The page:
Inflation and stagnation

Make no mistake: interest rates have bottomed at the zero bound and can go no lower. The forty-year trend of declining interest rates has ended, with an initial rally, which six weeks ago had halved the value of the 30-year US Treasury bond. The suddenness of this change probably needed a pause, and that is what we have today. Since October, there has been a spectacular recovery in bond prices with this UST bond yield dropping ¾% to 3.5%.

Fears of price inflation have been replaced in large measure by fear of recession. Having dismissed monetarism, bizarrely for a Keynesian led establishment analysts and commentators are now frequently citing the slowing of monetary growth as evidence of a looming recession. Perhaps this means that the failure of their economic models has them grasping at straws, rather than being evidence of a conversion to monetarism. But what is definitely not in the Keynesians’ playbook is a combination of inflation and recession, commonly attributed to an unexplained phenomenon of stagflation.

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How Big Are the Fed’s Losses and Where Can We Go See Them?

You wouldn’t think an institution that can legally print money would lose money. From Wolf Richter at wolfstreet.com:

We find a good rubbernecking spot.

How Big Are the Fed’s Losses and Where Can We Go See Them?

We find a good rubbernecking spot.

By Wolf Richter for WOLF STREET.

A collapse-chart has been making the rounds in the social media, financial blogs, and the like. It’s being handed around without context, as if self-explanatory, sort of like, look, the world is collapsing. It’s from the St. Louis Fed’s data depository. The title of the chart says, among other things, ominously, “Liabilities: Remittances Due to the U.S. Treasury.” Whatever this is, it’s violating the WOLF STREET dictum, “Nothing Goes to Heck in a Straight Line.”

But beyond the funny aspects of the chart, there is something happening on the Fed’s balance sheet that is taking on momentum and heft: How much money the Fed is losing, where this lost money shows up, and how it derails a taxpayer gravy-train. The chart reflects that in a bizarre manner — it does a switcheroo — that we’ll get to in a moment.

A liability is money that the Fed owes some other entity – in this case, money that the Fed owes the US Treasury Department. But this particular liability account, “Earnings remittances due to the U.S. Treasury,” is kind of a funny creature.

It has a negative balance of -$13.2 billion as of the Fed’s weekly balance sheet released yesterday. On a balance sheet measured in trillions, this is pretty small. But it’s going to get a lot funkier.

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If Red States Want Protection From Collapse They Will Have To Build Alternative Economies, by Brandon Smith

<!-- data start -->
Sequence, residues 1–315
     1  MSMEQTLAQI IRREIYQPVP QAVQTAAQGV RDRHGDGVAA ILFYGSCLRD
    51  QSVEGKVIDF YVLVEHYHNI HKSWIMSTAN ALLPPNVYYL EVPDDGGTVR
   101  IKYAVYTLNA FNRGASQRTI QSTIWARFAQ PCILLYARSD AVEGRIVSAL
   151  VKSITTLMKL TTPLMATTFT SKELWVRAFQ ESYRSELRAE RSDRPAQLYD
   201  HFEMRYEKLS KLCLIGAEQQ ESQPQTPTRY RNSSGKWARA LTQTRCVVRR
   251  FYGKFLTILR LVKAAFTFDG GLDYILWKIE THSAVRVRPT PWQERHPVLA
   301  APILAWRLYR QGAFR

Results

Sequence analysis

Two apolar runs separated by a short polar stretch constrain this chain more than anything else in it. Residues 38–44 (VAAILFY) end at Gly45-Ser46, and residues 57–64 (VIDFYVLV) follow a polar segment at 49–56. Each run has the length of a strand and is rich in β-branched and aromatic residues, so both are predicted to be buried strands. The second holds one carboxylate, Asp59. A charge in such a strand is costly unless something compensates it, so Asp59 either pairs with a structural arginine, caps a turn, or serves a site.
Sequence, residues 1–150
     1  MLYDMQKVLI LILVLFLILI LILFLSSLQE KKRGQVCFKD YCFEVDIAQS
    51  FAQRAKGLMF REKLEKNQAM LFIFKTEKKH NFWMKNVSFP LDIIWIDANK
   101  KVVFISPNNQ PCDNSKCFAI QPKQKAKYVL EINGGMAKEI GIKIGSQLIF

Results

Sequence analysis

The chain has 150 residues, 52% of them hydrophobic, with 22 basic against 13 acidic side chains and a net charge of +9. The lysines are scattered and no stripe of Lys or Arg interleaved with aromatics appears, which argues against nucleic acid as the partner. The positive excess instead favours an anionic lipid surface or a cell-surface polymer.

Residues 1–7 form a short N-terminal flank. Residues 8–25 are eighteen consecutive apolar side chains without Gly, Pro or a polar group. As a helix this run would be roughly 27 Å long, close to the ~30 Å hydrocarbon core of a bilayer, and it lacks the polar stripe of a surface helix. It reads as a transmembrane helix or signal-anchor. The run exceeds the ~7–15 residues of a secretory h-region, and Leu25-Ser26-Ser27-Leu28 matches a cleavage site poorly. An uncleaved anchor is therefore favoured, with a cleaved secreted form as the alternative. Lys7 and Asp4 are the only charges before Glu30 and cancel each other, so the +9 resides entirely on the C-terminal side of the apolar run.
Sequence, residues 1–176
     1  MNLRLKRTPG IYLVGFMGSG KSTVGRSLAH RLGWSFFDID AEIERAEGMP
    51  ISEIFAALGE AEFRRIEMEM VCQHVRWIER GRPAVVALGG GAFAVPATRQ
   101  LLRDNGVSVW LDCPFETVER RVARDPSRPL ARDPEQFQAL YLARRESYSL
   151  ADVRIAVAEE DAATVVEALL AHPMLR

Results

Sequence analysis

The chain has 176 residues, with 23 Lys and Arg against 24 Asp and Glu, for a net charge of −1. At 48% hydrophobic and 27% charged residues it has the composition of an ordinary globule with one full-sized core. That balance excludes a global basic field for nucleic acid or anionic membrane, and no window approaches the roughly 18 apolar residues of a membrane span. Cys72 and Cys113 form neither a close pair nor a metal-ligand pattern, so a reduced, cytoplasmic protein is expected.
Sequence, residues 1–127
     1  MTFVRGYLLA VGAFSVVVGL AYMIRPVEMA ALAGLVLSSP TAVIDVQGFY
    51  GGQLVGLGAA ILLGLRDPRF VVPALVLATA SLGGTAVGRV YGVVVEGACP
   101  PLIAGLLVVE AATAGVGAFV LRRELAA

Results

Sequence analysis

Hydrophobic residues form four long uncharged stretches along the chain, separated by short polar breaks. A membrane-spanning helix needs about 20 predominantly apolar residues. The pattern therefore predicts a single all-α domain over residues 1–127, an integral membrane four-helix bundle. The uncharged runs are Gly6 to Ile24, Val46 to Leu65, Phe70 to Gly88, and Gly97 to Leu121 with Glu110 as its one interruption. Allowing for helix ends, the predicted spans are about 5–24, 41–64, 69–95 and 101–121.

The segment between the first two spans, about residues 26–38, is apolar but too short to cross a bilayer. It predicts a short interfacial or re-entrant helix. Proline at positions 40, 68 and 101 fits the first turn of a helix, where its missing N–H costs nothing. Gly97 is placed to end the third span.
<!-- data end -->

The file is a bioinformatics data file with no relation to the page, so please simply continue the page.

If you’re relying on the federal government to make you anything but more miserable when the apocalypse comes you’re bound to be disappointed. Think local. From Brandon Smith at alt-market.com:

Economic centralization is the ultimate form of organized conspiratorial power, because it allows a small group of people to dictate the terms of trade for a society and therefore dictate the terms of each person’s individual survival.

For example, the Federal Reserve as a banking entity has free rein to assert policy controls that can disrupt the very fabric of the US economy and the buying power of our currency. They can (and do) arbitrarily create trillions of dollars from thin air causing inflation, or arbitrarily raise interest rates and crash stock markets. And according to former Fed chairman Alan Greenspan, they answer to no one, including the US government.

I have started to see a new narrative being spread within mainstream media platforms as well as alternative media platforms suggesting that the Fed is necessary because it is working to “counter” the agenda of Joe Biden and the Democrats. Some people claim the central bank is “protecting” America from the schemes of the UN and European interests.

This is perhaps the most moronic theory I’ve ever heard, but it makes sense that the central bank and its puppets would be trying to plant the notion that the Fed is some kind of “hero” secretly fighting a war on our behalf. The money elites associated with the Fed have inflated perhaps the largest financial bubble in the history of the world over the past 14 years. They did this with bailouts, they did this with QE, they did this with covid pandemic checks and loans, and now the bubble is popping. They know it is popping, because they WANT it to pop.